Fresh water for Flint

East Detroit students dig deep to help city

By: Kevin Bunch | Roseville - Eastpointe Eastsider | Published February 1, 2016

 Students at East Detroit help unload cases of water during a drive to help the people of Flint Jan. 22.

Students at East Detroit help unload cases of water during a drive to help the people of Flint Jan. 22.

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EASTPOINTE — East Detroit Public Schools teachers, students and their families have stepped up to gather water and money for the people of Flint, who are still struggling to get potable water after reports that the city’s drinking water supply is contaminated with lead.

Students collected the donations Jan. 21-22 in the district’s classrooms and school buildings, according to East Detroit Federation of Teachers President Lincoln Stocks. In all, they managed to collect $1,000 for water-related needs and 600 cases of water for the beleaguered city.

Stocks said the idea came up during a meeting of teachers union presidents in Mount Pleasant the weekend of Jan. 16. He said he had been talking to Jacqueline Goosen, president of the Macomb Intermediate Federation of Teachers, about what they could do to help, and ultimately they decided on a countywide effort to get water and funding together.

“East Detroit decided that we would be the spearhead of it and work out the wrinkles (before other districts),” Stocks said.

The details were left up to the individual teachers in the schools to decide how best to motivate students to help, and Stocks said the classrooms that brought in the most water and money will get pizza parties courtesy of the union.

“We went around and picked it all up on Friday (Jan. 22),” he said. “I got myself a U-Haul, filled it a couple times, and had the basketball teams load and unload it when we got to the high school.”

Stocks added that the union was not going to distribute the water, but rather take it to local organizers in Flint that would handle distribution.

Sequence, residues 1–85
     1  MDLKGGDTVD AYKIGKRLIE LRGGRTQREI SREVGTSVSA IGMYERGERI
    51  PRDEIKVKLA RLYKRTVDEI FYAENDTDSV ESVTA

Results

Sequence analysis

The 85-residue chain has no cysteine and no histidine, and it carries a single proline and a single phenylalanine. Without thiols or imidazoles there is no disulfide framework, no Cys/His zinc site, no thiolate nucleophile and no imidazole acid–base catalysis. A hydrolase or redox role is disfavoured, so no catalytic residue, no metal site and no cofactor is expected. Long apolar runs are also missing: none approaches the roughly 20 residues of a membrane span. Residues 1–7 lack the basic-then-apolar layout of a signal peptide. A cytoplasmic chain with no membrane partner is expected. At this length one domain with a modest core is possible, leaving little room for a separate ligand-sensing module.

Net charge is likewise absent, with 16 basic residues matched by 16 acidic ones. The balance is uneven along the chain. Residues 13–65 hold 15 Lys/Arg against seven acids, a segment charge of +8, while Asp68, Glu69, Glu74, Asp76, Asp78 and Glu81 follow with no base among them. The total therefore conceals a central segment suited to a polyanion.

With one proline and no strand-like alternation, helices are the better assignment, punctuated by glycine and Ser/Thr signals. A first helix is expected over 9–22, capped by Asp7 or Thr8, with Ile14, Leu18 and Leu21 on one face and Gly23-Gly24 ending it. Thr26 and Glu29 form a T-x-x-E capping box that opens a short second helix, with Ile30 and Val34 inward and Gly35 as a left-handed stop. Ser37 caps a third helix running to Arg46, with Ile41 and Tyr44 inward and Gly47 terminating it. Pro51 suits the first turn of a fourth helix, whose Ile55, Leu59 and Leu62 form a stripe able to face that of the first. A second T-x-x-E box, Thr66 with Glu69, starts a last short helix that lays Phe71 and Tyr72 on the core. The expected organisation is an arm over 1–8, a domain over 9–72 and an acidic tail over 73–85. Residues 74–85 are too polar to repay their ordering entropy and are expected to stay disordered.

The donations were taken to Flint Jan. 28 by the Eastpointe-based company Albert’s Furniture and Appliance.

During the Jan. 25 Board of Education meeting, East Detroit Treasurer Margaret Podsiadlik thanked everyone involved.

“I commend the students on their water drive,” she said.

Diane Moses, elementary art teacher and East Detroit Federation of Teachers vice president, said at the meeting that the union had made a $100 contribution to the effort in the board’s name.

School board President Craig Brozowski said in an email that he is “extraordinarily proud” of the students and staff who participated.

“It is a great indication of the care and concern the folks in our district have for those who are in need, and they went above and beyond to help the people in Flint,” Brozowski wrote in an email. “Their efforts should be commended.”

Stocks said the effort was a “testament to the good hearts” of community members that they were willing to dig deep to help out, and that it was an educational experience for students.

“It was a great opportunity for the school community to help teach our kids to be citizens of the world,” Stocks said. “It was a teachable moment, and all our teachers and kids were pleased with the opportunity to have a civics lesson.”

Separately, the city of Roseville and Macomb Mall held water drives in January to help get more supplies for Flint.
Flint’s water supply was tainted following the city’s switch from the Detroit water and sewer system — which pulls water from the Great Lakes — to the Flint River as a temporary cost-savings measure. The river water was then not treated to prevent lead from old pipes from leeching into the water supply — an issue that was not publicly known until the fall of 2015. Flint residents have since been urged not to use tap water until the issue has been resolved

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